And even though there were plenty of "I hate my mom!" diary entries during these years, too, my friendly, kind grown-up self thanks her and my dad for not letting me get away with teasing.

In the end I turned out OK...

My 4th-grade-self would say that with or without social media, bullying is a part of growing up. It's messy and unavoidable. But so is life.

She'd also say beware: my next set of diary entries were about boys...

What did your childhood teach you about bullying? Do you agree that bullying is essentially the same, or do you think it's a lot different for kids today? Share you thoughts below--


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Showing 4 comments
  • Rebecca

    There is this girl named Ann is third grade and I’m in fourth and she has been rude to me like she told my teacher and I didn’t get in trouble because my teacher knew she was trying to get me in a lot of trouble I didn’t but it keeps going on and I don’t know how to fix it please help me by telling me if I should tell my school counselor

    • Stephanie Hillberry

      Hi Rebecca:
      Thanks for sharing what’s been going on at your school. I asked some of my friends here and we think you should tell some adults what’s been happening. Your school counselor would be a good person, and maybe your mom or dad. We’re praying that Ann has a change of heart.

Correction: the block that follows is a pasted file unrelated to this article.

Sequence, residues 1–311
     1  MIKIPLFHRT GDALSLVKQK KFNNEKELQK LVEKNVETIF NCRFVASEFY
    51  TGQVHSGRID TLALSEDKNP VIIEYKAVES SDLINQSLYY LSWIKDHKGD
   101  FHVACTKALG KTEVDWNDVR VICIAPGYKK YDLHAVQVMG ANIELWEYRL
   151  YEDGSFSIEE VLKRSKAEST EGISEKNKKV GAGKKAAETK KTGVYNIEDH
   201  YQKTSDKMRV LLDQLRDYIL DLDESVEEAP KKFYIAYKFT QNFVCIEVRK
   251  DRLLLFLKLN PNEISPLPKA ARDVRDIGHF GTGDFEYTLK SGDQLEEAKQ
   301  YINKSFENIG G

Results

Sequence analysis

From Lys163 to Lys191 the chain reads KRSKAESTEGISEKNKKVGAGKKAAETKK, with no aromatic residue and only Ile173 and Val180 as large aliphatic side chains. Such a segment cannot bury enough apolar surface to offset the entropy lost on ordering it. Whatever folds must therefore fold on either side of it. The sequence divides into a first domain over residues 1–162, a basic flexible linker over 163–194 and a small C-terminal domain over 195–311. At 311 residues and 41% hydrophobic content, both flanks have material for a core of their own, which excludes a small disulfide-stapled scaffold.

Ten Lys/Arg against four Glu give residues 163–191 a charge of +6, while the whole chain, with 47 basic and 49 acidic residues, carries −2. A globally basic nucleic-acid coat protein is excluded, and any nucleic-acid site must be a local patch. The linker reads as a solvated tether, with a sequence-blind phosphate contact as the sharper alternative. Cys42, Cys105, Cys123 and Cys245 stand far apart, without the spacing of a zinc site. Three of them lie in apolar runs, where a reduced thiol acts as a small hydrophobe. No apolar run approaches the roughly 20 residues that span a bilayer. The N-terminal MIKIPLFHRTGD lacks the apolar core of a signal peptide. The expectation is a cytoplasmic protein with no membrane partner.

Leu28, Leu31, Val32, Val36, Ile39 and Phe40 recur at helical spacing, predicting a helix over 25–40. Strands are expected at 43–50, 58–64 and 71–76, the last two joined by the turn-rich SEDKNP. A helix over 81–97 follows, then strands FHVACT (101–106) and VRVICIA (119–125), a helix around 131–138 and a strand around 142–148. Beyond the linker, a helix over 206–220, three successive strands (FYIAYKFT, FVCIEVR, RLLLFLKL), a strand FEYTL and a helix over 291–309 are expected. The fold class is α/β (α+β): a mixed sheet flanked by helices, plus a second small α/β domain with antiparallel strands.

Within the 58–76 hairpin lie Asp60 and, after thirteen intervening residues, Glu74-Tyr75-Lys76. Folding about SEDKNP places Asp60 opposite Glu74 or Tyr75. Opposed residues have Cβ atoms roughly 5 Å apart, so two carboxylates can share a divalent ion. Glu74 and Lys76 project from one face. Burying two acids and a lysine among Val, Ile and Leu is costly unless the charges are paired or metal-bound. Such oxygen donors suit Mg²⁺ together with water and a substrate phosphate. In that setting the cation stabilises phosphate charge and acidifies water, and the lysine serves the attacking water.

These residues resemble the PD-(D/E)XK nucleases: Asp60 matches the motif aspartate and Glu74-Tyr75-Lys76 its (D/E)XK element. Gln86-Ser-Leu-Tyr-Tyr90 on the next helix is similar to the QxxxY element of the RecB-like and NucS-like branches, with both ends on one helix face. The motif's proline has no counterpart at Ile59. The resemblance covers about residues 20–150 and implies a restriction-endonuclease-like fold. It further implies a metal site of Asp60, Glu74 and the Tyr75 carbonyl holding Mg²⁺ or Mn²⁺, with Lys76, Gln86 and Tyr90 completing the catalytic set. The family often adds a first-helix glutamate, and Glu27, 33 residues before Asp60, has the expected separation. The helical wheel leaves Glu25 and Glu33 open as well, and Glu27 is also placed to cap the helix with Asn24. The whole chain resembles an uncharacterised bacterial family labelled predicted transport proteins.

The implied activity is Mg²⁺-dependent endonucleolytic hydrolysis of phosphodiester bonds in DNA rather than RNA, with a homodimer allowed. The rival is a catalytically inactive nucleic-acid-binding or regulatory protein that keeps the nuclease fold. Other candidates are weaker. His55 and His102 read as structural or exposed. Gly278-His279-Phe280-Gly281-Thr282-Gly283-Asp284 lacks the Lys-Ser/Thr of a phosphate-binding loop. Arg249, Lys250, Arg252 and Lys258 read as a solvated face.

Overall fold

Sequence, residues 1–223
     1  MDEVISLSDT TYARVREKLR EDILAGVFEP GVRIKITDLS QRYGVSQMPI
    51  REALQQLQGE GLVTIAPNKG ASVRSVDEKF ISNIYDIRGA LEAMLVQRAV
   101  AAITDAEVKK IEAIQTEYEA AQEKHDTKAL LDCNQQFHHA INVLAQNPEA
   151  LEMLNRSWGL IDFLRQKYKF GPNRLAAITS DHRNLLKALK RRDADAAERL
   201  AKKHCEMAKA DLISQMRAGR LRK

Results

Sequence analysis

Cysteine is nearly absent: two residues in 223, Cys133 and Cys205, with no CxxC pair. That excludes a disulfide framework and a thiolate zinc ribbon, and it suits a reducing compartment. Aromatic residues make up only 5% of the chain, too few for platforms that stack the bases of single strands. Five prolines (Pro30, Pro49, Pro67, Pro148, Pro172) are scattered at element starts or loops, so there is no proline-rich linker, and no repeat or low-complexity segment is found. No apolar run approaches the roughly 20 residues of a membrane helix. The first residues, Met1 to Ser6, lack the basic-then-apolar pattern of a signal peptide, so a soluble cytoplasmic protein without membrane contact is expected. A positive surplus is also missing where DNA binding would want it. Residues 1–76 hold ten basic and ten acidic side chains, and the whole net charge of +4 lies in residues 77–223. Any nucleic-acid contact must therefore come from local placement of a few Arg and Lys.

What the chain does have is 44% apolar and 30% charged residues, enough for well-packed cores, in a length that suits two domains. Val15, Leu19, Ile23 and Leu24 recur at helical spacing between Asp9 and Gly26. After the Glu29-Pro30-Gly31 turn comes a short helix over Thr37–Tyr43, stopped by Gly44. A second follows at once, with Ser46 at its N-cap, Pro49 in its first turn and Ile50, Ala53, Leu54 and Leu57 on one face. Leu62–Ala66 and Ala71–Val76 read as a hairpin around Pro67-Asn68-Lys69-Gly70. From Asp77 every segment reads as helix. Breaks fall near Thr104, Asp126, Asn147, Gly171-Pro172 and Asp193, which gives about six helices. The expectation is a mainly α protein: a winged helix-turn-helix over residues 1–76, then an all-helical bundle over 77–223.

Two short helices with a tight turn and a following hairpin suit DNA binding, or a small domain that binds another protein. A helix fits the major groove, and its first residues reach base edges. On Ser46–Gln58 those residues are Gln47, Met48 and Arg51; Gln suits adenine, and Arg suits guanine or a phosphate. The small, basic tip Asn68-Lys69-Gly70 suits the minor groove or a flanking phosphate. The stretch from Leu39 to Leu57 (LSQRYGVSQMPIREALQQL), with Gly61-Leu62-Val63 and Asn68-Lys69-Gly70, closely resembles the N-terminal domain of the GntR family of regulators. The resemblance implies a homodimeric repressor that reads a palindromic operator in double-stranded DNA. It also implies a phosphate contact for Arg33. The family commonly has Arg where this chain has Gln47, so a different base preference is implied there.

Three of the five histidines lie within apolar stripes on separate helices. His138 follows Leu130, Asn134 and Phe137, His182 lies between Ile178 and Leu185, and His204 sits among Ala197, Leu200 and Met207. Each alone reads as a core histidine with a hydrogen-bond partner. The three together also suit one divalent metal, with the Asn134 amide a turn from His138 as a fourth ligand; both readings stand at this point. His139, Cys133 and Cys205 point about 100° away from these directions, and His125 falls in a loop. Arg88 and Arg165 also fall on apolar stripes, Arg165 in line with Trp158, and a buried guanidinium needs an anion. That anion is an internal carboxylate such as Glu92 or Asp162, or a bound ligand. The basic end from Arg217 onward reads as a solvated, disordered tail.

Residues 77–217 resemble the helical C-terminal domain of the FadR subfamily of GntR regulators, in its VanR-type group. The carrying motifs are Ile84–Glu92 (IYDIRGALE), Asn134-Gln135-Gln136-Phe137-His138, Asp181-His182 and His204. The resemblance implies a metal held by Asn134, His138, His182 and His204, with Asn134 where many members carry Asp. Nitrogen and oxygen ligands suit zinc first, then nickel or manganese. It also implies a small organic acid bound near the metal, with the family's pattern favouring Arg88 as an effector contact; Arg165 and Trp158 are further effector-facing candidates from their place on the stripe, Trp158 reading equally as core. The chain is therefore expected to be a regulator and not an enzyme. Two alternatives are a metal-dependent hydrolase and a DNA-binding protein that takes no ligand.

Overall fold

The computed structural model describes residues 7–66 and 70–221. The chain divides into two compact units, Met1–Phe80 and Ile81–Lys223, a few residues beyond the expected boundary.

• Scarlet

    I am a fourth grade girl on my dads acount. There has been bullying at my school and i dont really have anybody to talk to about this. But there is this boy in my class, and he is realy mean to every body that isn’t his friend. Other people are only his friend because if they were’nt, they would get bullied by him. But then all the girls are mean too. They all cuss,and gossip about people. The mean boy, Jackson, hand ball and allways cheats. If he had no friends, he would be bad at handball. The teacher is great and made Jackson sit right behind me! And i could just hear everything he talks about. My school makes me want to cry.

  • Michelle

    Your article is interesting… what concerns me is something often seen in parenting columns. The actual “Start talking early and often” portion does not give practical ideas of the vocabulary and words needed. Maybe your 9-year old vocabulary didn’t have the words to talk about these situations. Maybe our adult ones don’t either. You gave some suggestions such as manipulation and so forth. Are there social stories that can be read with parent/ child to help?